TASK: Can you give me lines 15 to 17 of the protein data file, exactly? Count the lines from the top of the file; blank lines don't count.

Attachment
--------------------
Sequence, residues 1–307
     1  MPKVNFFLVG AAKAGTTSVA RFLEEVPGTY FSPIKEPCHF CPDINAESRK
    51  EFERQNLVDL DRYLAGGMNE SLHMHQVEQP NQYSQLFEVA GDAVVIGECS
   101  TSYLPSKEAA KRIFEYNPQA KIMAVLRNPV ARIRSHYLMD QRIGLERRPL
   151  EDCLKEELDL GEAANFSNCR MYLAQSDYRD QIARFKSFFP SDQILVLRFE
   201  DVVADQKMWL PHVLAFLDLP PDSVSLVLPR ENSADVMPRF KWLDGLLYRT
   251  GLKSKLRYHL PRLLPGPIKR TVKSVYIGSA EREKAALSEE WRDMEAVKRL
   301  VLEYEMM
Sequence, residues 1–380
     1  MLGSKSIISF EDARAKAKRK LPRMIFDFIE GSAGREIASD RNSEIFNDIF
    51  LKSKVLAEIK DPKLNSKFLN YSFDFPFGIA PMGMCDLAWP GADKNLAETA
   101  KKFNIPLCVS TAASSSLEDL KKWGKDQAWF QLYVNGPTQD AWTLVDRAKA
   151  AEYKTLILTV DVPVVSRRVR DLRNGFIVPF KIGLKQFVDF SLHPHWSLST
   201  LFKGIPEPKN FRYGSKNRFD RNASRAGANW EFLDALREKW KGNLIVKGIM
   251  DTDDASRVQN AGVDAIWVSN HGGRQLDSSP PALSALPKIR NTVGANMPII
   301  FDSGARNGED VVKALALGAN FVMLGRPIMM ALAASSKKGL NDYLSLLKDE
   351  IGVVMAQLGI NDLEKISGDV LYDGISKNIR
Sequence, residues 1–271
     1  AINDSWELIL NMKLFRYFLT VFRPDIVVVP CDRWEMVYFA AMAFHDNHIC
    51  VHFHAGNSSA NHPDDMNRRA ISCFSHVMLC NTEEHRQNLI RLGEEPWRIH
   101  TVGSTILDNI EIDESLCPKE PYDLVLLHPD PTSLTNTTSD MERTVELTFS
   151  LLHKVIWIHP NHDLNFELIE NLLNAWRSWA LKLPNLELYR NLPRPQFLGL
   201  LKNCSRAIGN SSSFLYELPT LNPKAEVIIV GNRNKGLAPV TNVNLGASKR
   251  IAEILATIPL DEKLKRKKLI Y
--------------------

   251  DTDDASRVQN AGVDAIWVSN HGGRQLDSSP PALSALPKIR NTVGANMPII
   301  FDSGARNGED VVKALALGAN FVMLGRPIMM ALAASSKKGL NDYLSLLKDE
   351  IGVVMAQLGI NDLEKISGDV LYDGISKNIR